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Common Core For Grade 7

### New York State Common Core Math Grade 7, Module 5, Lesson 10

Download worksheets for Grade 7, Module 5, Lesson 10

### Lesson 10 Student Outcomes

### Lesson 10 Summary

In previous lessons, you estimated probabilities by collecting data and found theoretical probabilities by creating a
model. In this lesson you used simulation to estimate probabilities in real problems and in situations for which
empirical or theoretical procedures are not easily calculated.

Simulation is a method that uses an artificial process (like tossing a coin or rolling a number cube) to represent the outcomes of a real process that provides information about the probability of events. In several cases, simulations are needed to both understand the process as well as provide estimated probabilities.

Lesson 10 Classwork

In previous lessons, you estimated probabilities of events by collecting data empirically or by establishing a theoretical probability model. There are real problems for which those methods may be difficult or not practical to use. Simulation is a procedure that will allow you to answer questions about real problems by running experiments that closely resemble the real situation.

It is often important to know the probabilities of real-life events that may not have known theoretical probabilities. Scientists, engineers, and mathematicians design simulations to answer questions that involve topics such as diseases, water flow, climate changes, or functions of an engine. Results from the simulations are used to estimate probabilities that help researchers understand problems and provide possible solutions to these problems.

Example 1: Families

How likely is it that a family with three children has all boys or all girls?

Let’s assume that a child is equally likely to be a boy or a girl. Instead of observing the result of actual births, a toss of a fair coin could be used to simulate a birth. If the toss results in heads (H), then we could say a boy was born; if the toss results in tails (T), then we could say a girl was born. If the coin is fair (i.e., heads and tails are equally likely), then getting a boy or a girl is equally likely.

Exercises 1–2

Suppose that a family has three children. To simulate the genders of the three children, the coin or number cube or a card would need to be used three times, once for each child. For example, three tosses of the coin resulted in HHT, representing a family with two boys and one girl. Note that HTH and THH also represent two boys and one girl.

1. Suppose a prime number (P) result of a rolled number cube simulates a boy birth, and a non-prime (N) simulates a girl birth. Using such a number cube, list the outcomes that would simulate a boy birth, and those that simulate a girl birth. Are the boy and girl birth outcomes equally likely?

The outcomes are for a boy birth and for a girl birth. The boy and girl births are thereby equally likely. 2. Suppose that one card is drawn from a regular deck of cards, a red card (R) simulates a boy birth and a black card (B) simulates a girl birth. Describe how a family of three children could be simulated.

Example 2

Simulation provides an estimate for the probability that a family of three children would have three boys or three girls by performing three tosses of a fair coin many times. Each sequence of three tosses is called a trial. If a trial results in either HHH or TTT, then the trial represents all boys or all girls, which is the event that we are interested in. These trials would be called a “success.” If a trial results in any other order of H’s and T’s, then it is called a “failure.” The estimate for the probability that a family has either three boys or three girls based on the simulation is the number of successes divided by the number of trials. Suppose trials are performed, and that in those trials, resulted in either HHH or TTT. Then the estimated probability that a family of three children has either three boys or three girls would be 28/100 = 0.28.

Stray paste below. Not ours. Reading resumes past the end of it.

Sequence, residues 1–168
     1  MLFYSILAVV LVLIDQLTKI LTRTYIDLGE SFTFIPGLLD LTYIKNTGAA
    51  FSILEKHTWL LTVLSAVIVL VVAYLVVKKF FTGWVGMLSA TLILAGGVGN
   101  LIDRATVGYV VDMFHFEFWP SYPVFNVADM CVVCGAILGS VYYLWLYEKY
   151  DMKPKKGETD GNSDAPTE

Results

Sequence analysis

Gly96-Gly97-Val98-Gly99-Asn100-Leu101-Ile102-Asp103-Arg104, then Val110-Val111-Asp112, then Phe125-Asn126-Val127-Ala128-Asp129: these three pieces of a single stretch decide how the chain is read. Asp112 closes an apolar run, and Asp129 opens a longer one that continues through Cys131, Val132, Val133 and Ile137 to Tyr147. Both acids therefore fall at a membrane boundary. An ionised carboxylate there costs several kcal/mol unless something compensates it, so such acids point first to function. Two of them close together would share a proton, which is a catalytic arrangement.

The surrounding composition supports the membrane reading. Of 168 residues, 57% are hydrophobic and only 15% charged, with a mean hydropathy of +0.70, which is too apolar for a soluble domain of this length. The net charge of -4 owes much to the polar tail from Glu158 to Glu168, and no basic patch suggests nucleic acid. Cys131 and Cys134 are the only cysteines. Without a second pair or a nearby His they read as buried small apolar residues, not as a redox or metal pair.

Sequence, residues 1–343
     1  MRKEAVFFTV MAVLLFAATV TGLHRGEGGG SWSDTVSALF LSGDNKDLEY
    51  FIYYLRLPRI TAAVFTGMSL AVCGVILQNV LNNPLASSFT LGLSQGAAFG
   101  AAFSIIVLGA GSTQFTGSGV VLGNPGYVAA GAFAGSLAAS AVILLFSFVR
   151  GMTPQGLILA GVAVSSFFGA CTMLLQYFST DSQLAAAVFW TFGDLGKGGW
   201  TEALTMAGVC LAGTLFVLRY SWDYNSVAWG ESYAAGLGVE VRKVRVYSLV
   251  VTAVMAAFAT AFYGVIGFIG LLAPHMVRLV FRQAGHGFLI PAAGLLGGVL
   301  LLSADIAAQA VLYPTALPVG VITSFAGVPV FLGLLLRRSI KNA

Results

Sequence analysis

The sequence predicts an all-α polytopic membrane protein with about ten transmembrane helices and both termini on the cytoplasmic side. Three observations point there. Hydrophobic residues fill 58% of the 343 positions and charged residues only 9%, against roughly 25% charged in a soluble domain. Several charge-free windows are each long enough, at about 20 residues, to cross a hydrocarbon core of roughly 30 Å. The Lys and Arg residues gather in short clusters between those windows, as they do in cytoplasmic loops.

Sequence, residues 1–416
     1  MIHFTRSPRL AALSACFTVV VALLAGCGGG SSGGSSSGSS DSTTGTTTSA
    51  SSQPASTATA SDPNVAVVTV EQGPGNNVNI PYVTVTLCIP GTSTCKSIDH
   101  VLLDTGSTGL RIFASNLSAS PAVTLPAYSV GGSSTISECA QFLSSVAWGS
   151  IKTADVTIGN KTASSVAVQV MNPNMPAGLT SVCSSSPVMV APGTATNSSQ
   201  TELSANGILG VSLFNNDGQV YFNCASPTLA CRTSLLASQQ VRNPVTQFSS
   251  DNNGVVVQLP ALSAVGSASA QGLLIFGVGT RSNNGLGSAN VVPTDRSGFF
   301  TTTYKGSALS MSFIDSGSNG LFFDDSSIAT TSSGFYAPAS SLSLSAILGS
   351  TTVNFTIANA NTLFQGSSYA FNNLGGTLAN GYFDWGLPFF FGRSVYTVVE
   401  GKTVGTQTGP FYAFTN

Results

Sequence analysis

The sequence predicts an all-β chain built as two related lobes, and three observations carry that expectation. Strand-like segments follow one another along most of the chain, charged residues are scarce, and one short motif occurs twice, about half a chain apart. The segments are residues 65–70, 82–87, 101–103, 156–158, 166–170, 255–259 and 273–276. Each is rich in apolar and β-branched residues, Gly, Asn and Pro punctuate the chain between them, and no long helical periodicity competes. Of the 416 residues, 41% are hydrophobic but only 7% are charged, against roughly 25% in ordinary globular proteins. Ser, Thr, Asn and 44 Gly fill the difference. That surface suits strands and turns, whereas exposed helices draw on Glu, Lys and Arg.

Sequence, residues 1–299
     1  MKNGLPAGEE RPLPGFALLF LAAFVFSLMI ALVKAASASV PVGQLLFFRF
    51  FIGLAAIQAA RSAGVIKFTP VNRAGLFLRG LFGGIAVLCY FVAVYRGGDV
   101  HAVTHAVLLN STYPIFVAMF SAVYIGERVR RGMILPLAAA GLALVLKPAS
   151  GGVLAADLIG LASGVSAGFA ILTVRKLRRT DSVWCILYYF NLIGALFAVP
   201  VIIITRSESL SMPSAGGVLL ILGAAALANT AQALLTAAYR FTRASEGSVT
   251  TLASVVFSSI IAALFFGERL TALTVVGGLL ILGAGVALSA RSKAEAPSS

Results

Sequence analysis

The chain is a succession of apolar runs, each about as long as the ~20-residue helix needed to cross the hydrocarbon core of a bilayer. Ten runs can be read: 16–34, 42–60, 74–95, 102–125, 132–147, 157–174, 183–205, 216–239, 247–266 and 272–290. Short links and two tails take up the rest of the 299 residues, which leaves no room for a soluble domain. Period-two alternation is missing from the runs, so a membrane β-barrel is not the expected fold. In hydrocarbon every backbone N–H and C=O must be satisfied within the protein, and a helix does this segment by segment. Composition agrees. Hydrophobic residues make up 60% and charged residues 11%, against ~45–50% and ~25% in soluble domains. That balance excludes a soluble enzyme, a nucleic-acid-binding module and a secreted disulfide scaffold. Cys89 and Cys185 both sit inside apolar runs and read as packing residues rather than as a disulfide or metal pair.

Exercises 3–5

3. Find an estimate of the probability that a family with three children will have exactly one girl using the following outcomes of 50 trials of tossing a fair coin three times per trial. Use H to represent a boy birth, and T to represent a girl birth.

4. Perform a simulation of 50 trials by rolling a fair number cube in order to find an estimate of the probability that a family with three children will have exactly one girl.

a. Specify what outcomes of one roll of a fair number cube will represent a boy and what outcomes will represent a girl.

b. Simulate 50 trials, keeping in mind that one trial requires three rolls of the number cube. List the results of your 50 trials.

c. Calculate the estimated probability.

5. Calculate the theoretical probability that a family with three children will have exactly one girl.

a. List the possible outcomes for a family with three children. For example, one possible outcome is BBB (all three children are boys).

b. Assume that having a boy and having a girl are equally likely. Calculate the theoretical probability that a family with three children will have exactly one girl.

c. Compare it to the estimated probabilities found in parts (a) and (b) above.

Example 3: Basketball Player

Suppose that, on average, a basketball player makes about three out of every four foul shots. In other words, she has a 75% chance of making each foul shot she takes. Since a coin toss produces equally likely outcomes, it could not be used in a simulation for this problem.

Instead, a number cube could be used by specifying that the numbers 1, 2, or 3 represent a hit, the number 4 represents a miss, and the numbers 5 and 6 would be ignored. Based on the following 50 trials of rolling a fair number cube, find an estimate of the probability that she makes five or six of the six foul shots she takes.

Lesson Plans and Worksheets for Grade 7

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Common Core For Grade 7